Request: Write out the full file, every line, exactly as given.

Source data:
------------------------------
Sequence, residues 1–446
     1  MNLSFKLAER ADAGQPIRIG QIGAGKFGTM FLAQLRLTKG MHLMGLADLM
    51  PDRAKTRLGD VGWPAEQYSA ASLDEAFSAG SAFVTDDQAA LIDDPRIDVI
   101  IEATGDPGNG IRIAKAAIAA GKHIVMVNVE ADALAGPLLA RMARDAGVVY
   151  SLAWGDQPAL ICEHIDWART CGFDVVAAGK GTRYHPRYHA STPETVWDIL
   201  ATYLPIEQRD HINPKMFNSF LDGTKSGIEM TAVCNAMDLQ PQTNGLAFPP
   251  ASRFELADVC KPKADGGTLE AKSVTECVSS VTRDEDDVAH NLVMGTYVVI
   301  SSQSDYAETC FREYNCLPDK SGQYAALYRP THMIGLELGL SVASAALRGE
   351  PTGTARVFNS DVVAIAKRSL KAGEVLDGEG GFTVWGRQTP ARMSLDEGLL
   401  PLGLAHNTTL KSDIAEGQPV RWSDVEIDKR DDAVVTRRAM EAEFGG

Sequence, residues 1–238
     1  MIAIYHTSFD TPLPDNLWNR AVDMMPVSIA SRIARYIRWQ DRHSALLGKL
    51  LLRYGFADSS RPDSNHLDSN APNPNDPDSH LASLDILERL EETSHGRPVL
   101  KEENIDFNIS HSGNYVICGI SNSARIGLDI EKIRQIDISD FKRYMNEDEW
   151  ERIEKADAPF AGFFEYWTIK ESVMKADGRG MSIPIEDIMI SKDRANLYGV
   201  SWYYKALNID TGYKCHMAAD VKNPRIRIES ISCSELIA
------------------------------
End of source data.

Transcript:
Sequence, residues 1–446
     1  MNLSFKLAER ADAGQPIRIG QIGAGKFGTM FLAQLRLTKG MHLMGLADLM
    51  PDRAKTRLGD VGWPAEQYSA ASLDEAFSAG SAFVTDDQAA LIDDPRIDVI
   101  IEATGDPGNG IRIAKAAIAA GKHIVMVNVE ADALAGPLLA RMARDAGVVY
   151  SLAWGDQPAL ICEHIDWART CGFDVVAAGK GTRYHPRYHA STPETVWDIL
   201  ATYLPIEQRD HINPKMFNSF LDGTKSGIEM TAVCNAMDLQ PQTNGLAFPP
   251  ASRFELADVC KPKADGGTLE AKSVTECVSS VTRDEDDVAH NLVMGTYVVI
   301  SSQSDYAETC FREYNCLPDK SGQYAALYRP THMIGLELGL SVASAALRGE
   351  PTGTARVFNS DVVAIAKRSL KAGEVLDGEG GFTVWGRQTP ARMSLDEGLL
   401  PLGLAHNTTL KSDIAEGQPV RWSDVEIDKR DDAVVTRRAM EAEFGG

Sequence, residues 1–238
     1  MIAIYHTSFD TPLPDNLWNR AVDMMPVSIA SRIARYIRWQ DRHSALLGKL
    51  LLRYGFADSS RPDSNHLDSN APNPNDPDSH LASLDILERL EETSHGRPVL
   101  KEENIDFNIS HSGNYVICGI SNSARIGLDI EKIRQIDISD FKRYMNEDEW
   151  ERIEKADAPF AGFFEYWTIK ESVMKADGRG MSIPIEDIMI SKDRANLYGV
   201  SWYYKALNID TGYKCHMAAD VKNPRIRIES ISCSELIA